When Lia returns after a summer with her eccentric aunt, it feels like everything has changed within her group of five friends. Everyone just seems more...dramatic. And after playing a game of Truth or Dare, Lia discovers how those divides are growing wider, and tells a few white lies about what really happened over the summer in order to “keep up.” But is “keeping up” with her BFFs really worth it?
|Product dimensions:||5.00(w) x 7.50(h) x 0.70(d)|
|Age Range:||9 - 13 Years|
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Truth or Dare
I RIPPED OPEN THE BOX, and there I was.
My name, times five hundred.
Amalia Jessica Rollins.
Seeing my name in print always gave me a weird feeling. But this wasn’t just weird. It was wrong.
Not even asking me for input, Dad had ordered five hundred labels for the stuff I was bringing to sleepaway camp. How had he come up with the number five hundred? Even if I labeled every bristle on my toothbrush, I didn’t own half that many things altogether.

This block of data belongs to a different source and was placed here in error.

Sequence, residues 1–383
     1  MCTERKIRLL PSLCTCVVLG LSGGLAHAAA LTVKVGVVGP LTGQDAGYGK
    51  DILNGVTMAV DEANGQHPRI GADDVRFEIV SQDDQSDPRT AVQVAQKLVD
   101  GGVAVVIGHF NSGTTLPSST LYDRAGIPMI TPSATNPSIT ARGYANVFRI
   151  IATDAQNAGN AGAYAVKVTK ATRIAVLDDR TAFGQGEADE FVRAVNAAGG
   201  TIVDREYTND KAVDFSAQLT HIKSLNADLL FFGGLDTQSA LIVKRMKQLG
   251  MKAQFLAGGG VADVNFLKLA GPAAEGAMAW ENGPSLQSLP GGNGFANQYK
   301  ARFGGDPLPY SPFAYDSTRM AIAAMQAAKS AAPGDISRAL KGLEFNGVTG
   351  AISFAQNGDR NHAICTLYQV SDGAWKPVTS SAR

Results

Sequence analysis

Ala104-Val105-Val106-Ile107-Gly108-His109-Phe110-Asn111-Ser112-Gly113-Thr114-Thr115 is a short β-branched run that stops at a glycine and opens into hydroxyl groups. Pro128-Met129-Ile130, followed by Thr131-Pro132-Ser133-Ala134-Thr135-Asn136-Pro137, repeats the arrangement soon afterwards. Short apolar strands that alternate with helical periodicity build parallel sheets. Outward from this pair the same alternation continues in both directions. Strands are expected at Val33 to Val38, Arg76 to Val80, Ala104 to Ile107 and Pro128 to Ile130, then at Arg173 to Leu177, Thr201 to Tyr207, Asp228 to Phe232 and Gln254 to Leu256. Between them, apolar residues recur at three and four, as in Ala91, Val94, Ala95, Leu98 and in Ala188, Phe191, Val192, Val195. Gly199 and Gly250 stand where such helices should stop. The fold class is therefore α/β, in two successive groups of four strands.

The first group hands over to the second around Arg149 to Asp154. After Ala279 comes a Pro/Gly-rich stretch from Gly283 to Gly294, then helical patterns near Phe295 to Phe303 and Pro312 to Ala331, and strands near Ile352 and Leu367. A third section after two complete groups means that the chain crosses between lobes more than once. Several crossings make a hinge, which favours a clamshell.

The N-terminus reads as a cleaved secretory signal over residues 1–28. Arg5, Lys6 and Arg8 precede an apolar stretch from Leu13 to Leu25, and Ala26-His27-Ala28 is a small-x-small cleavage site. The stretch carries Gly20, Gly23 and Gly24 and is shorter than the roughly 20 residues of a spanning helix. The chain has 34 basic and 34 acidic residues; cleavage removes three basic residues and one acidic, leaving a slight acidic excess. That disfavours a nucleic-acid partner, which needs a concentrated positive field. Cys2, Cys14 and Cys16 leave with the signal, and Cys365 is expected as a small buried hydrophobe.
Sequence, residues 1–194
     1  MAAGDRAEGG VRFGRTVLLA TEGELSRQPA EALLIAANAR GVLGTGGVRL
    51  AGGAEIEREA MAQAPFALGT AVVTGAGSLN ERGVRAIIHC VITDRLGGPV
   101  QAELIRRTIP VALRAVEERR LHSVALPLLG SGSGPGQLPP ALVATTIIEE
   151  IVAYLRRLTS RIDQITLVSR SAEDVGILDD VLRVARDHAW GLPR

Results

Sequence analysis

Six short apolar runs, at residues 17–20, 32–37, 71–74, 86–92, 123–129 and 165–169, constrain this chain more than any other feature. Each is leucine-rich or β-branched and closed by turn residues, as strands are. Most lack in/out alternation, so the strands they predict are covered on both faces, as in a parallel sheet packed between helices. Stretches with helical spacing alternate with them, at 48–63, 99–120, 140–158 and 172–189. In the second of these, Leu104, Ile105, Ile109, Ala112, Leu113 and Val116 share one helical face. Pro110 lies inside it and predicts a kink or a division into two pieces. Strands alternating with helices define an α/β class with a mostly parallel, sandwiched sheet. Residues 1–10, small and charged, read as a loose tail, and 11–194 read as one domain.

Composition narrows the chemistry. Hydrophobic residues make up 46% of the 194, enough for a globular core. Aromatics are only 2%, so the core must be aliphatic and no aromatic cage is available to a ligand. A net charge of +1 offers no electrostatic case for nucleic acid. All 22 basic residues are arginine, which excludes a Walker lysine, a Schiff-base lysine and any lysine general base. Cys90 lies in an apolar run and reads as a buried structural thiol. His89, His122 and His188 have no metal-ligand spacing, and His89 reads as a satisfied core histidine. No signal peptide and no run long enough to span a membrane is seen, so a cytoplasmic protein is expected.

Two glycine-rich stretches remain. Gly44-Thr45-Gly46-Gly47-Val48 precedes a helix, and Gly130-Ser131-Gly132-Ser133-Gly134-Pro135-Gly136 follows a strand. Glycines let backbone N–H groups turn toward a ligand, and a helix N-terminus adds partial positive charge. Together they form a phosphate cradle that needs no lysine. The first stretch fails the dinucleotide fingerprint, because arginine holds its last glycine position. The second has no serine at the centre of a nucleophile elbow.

And the font. It was all frilly and girly, like what you’d use to invite someone to a tea party. This is my sock. Sorry it smells like feet. I say, would you care for a crumpet?
Plus, he’d ordered the wrong name. Nobody called me Amalia, which sounded like a fussy old lady who wore lace collars, or maybe an old-timey girl who played piano for her cat. I was just Lia, definitely not a lace-collar sort of person, and I couldn’t play piano, except for “Chopsticks.”
And if I stuck all these labels on my clothes and towels and stuff, I’d be spending the entire summer going, Actually, it’s Lia. No, just Lia. L-I-A. You pronounce it Lee-uhh.
Another thing: He’d included my middle name. Using your middle name on camp labels made you sound kind of like a baby. The fact that Jessica was also my mom’s name—well, I didn’t need five hundred labels to remind me about her. It’s not like I’d forgotten anything in two and a half years.